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Before AI can reshape healthcare, it needs to help shorten the waiting list

Rolling out artificial intelligence in healthcare still faces barriers. But even small-scale solutions are helping the NHS face its biggest problem

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Artificial intelligence is already being used to read medical imagery, help patients manage conditions such as diabetes, and even suggest new cancer-drug regimens. But with the world still reeling from the pandemic, AI is now needed to help an even more pressing problem. “The biggest pressure is trying to marshal our resources against the waiting list,” said Catherine Pollard, director of tech policy at NHSx, speaking at a recent Microsoft Health breakfast at WIRED Health: Tech. “We have really significant staffing challenges. That needs solutions – ones that are really practical.”

5.6 million people in the UK are currently on hospital waiting lists. Digitisation is helping: remote appointments, for example, soared in popularity during the pandemic and can cut down time spent on non-urgent cases. “We've got 55 per cent of our adult population registered on our app. 600,000 patients total, over a million consultations,” explained Omar Din, managing director of primary care at AT Medics & Operose Health. “63 per cent of those consultations are purely administrative. We spend time looking at that and then triage it to the right person in the team. When someone requests a sick note, I don’t want that going to my GP, I want it to go to someone else who can deal with it.”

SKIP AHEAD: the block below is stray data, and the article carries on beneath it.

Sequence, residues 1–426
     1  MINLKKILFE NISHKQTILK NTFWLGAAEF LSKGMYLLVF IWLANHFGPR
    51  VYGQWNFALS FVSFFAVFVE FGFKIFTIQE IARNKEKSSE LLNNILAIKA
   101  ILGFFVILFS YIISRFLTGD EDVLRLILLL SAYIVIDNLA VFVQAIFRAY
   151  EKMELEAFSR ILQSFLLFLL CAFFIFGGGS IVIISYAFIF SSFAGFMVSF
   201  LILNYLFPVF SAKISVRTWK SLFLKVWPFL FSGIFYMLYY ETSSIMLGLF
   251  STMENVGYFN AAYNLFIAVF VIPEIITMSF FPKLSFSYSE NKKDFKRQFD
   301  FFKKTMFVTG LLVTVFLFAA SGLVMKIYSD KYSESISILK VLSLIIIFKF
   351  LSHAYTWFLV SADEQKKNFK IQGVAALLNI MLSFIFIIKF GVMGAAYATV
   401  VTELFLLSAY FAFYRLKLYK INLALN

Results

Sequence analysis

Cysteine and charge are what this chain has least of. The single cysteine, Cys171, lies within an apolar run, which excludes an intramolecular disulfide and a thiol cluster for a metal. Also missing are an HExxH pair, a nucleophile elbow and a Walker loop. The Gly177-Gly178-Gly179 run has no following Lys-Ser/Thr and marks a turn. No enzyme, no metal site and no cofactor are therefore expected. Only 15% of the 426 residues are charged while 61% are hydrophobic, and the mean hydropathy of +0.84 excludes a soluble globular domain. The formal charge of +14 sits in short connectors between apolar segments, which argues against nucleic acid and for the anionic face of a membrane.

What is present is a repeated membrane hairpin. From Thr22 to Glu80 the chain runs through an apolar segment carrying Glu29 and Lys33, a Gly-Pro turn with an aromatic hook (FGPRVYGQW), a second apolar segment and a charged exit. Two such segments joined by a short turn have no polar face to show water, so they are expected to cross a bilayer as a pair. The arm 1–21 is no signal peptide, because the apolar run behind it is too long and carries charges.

However, not all patients can attend appointments remotely, and many hospitals still lack the required digital tools and skills to manage patients’ electronic records, let alone deploy AI solutions. Even when systems are digitised, poor implementation can mean they’re not used effectively. “When I worked in a hospital, we had 100 different forms on the EHR [electronic healthcare record,” said Emma Stratful, transforming digital health at OX.DH. “Clinicians do not have time to navigate 100 forms – so everything went into progress notes.”

That’s where practical AI can come in useful. Enabling doctors to use voice assistant technology can save time that would previously have been used typing up notes. Natural Language Processing (NLP) can then help clinicians and researchers access those notes more effectively. “Primary care data is the richest data in the NHS because of the way in which it is populated by clinicians – but it's the unstructured data that's got value to it,” Din said. Guy’s & St Thomas’ hospital trust, for example, are involved in a project using NLP to identify social factors associated with mental health problems. “For example, if the patient said they're having housing issues, or they have had trouble at home, I can now get my social prescriber or my mental health practitioner involved, and it's not hitting the GP,” Din explained. Genomics England is using NLP to analyse patient notes in the National Cancer Registry, connecting that phenotypic data to imaging and genomic data in order to get a better understanding of cancer progression.